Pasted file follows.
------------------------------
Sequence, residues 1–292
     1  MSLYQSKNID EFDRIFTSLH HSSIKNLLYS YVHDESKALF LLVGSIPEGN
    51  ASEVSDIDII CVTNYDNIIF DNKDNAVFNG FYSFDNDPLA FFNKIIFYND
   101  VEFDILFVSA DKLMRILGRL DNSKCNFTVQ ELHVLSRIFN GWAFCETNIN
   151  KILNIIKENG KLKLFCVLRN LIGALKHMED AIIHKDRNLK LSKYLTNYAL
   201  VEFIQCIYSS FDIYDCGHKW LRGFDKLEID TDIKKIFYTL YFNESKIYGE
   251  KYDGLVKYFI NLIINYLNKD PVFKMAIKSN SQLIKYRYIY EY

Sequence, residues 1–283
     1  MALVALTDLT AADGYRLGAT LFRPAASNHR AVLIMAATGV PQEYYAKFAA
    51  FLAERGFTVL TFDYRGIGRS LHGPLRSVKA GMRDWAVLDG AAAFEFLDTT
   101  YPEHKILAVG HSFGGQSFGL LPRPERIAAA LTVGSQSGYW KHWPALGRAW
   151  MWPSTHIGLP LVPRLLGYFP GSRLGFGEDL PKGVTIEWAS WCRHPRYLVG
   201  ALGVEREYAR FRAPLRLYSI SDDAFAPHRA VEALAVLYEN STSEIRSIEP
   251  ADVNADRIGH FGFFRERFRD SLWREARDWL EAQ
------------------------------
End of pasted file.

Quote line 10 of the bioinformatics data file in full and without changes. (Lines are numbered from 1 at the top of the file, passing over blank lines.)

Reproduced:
    51  FLAERGFTVL TFDYRGIGRS LHGPLRSVKA GMRDWAVLDG AAAFEFLDTT